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Love and Other Maladies

 

 

 

 

 

 

 

Love
and other maladies

 

 

 

 

 

 

 

 

 

 

 

 

 

 

 

 

 

 

Nina-Gai Till

 

 

 

 

 

 

 

 

 

 

 

 

A note from the author

 

A small book of short stories and essays on the darker side of love, viewed from many angles: the self-love of a prostitute, a middle-aged woman who returns to an unhappy marriage after twenty years to nurse her dying husband, disillusion and gender betrayal under the elms of a prestigious university… but all is not lost, for there is beauty too, even in the darkest heart of love.

 

Yours in love, the good kind!

 

N.G. Till

 

 

 

 

 

 

 

www.ninagaitill.com

www.twitter.com/Nina-Gai Till

www.facebook.com/NinaGaiTill

[email protected]

© Nina-Gai Till 2013

No reproduction without permission.

All rights reserved.

Cover art by Nina-Gai Till © 2013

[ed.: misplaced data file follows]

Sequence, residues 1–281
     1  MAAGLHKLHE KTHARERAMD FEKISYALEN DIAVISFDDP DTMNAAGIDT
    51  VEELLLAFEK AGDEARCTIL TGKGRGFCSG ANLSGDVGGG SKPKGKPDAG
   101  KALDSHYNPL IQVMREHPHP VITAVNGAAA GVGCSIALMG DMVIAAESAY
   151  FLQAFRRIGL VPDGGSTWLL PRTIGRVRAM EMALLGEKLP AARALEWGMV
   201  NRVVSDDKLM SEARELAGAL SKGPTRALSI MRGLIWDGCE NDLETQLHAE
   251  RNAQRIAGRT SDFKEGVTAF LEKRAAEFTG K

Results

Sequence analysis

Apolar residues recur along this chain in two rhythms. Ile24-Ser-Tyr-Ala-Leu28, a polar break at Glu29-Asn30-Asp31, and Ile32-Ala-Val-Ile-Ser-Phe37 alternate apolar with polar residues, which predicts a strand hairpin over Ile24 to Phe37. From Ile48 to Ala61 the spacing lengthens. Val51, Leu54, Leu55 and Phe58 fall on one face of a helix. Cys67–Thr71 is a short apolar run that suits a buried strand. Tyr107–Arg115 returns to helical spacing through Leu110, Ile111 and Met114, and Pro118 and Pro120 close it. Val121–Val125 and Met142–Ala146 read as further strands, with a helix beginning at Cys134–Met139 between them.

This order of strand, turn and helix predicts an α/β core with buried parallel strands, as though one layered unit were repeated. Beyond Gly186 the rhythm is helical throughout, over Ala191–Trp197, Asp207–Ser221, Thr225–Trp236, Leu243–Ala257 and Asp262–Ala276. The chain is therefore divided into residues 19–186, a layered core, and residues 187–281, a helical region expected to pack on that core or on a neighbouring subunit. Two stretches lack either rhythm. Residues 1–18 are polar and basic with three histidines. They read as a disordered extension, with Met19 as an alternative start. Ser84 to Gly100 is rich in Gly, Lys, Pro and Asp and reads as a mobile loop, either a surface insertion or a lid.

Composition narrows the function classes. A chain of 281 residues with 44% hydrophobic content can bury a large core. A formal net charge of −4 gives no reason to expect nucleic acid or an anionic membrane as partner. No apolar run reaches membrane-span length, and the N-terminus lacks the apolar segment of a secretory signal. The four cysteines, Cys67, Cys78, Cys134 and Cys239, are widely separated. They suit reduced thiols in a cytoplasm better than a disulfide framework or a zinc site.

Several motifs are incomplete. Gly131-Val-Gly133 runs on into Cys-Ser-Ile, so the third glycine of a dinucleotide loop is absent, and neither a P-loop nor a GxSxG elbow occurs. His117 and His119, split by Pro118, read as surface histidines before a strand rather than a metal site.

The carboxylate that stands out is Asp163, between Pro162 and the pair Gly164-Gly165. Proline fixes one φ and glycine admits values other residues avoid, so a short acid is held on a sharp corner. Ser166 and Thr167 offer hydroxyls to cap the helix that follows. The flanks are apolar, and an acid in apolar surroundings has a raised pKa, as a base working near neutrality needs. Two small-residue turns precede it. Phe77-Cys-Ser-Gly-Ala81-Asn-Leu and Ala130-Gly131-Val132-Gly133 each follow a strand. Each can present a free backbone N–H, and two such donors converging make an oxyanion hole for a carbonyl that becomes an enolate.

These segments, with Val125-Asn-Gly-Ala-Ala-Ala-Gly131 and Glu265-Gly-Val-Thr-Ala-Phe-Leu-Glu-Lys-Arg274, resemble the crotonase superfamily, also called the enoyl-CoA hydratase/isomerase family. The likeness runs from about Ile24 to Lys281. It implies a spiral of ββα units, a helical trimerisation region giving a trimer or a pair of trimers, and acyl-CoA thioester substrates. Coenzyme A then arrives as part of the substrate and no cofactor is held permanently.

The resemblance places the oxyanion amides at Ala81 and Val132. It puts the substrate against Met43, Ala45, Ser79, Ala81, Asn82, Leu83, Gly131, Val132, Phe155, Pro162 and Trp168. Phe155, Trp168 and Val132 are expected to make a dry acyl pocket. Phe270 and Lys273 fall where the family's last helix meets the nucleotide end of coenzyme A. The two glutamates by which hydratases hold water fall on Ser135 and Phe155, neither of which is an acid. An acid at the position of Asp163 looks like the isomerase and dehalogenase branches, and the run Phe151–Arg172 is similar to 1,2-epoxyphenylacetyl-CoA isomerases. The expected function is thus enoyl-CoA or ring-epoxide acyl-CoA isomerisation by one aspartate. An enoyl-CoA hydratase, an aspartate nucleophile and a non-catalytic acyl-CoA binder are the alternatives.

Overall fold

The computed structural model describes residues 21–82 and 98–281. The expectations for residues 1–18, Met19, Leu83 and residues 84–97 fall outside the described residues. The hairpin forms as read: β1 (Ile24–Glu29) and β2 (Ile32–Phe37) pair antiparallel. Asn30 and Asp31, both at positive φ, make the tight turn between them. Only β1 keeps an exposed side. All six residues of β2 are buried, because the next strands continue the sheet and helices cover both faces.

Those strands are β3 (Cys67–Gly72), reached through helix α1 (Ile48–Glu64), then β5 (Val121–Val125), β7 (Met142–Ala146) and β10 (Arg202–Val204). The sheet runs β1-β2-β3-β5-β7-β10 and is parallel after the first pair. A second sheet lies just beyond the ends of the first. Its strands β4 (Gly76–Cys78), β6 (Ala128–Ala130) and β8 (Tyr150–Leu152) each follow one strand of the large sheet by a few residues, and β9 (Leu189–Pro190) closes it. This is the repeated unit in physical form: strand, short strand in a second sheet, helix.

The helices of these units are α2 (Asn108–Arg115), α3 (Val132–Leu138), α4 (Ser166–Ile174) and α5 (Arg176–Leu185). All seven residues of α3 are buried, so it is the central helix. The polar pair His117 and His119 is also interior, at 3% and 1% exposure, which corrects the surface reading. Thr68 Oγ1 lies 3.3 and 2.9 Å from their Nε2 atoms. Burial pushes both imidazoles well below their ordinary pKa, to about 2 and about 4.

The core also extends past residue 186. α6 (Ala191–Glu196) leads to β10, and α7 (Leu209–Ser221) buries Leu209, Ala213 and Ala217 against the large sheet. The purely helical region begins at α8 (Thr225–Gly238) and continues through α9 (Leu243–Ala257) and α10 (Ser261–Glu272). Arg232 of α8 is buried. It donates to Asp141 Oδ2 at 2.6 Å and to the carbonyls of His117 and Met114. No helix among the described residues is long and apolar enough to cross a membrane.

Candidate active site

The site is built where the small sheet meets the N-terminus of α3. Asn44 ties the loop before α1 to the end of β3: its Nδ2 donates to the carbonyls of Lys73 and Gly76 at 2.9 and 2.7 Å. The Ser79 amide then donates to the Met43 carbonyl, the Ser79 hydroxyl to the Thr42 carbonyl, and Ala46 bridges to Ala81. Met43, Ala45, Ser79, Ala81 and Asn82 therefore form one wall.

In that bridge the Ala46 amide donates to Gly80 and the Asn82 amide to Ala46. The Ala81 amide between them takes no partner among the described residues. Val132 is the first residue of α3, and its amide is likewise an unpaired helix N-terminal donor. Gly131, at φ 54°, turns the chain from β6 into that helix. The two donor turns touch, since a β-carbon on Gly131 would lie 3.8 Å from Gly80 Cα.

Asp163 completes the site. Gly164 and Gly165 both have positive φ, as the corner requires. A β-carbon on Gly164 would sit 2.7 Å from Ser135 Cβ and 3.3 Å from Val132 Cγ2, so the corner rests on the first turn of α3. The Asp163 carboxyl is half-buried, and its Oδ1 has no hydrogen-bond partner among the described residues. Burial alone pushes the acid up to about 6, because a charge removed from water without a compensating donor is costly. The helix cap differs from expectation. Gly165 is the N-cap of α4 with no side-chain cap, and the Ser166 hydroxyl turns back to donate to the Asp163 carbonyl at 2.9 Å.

ISBN-13: 978-1483956299

ISBN-10: 1483956296

 

 

 

This book is a work of fiction. Names, characters, places and incidents are a product of the author’s imagination or used fictitiously. Any resemblance to actual people either living or dead, events or locales is entirely coincidental.

 

 

 

 

 

 

 

 

 

 

Acknowledgements

 

 

 

 

To those I have loved, to those I have lost, and
to those who are yet to enter my heart.

 

 

 

 

 

Contents

 

Arsenic and Old Dreams 1

Boxes and Boxes 4

Double Trouble 7

Fifty Ways to Leave Your Lover 9

Gymnasium 12

The Centre of the World 14

If Looks Could Kill 16

Just Desserts 18

New York, New York 21

The Night Bird 25

Lily of the Night 30

Why I Went, Now I’m Back 33

 

 

 

 

Arsenic and Old Dreams

 

 

I had a dream last night, the strangest dream. We were sitting together, beside the pool, talking about your mother. You turned around to smile at me and I noticed you had no teeth. What do you think that means? We swam together but the water was milk and as we were drying ourselves, you handed me a small Japanese pot-bellied pig.

I suppose living together can do that to you, you know, make you have bad dreams. It’s not as if I ate anything bizarre before I went to bed. Well, only you, but that doesn’t count. Sometimes I used to try to imagine us together in fifty years, surrounded by our kids and grandkids. Do you think we’ll make it? There are so many divorces these days. I don’t want to be another statistic.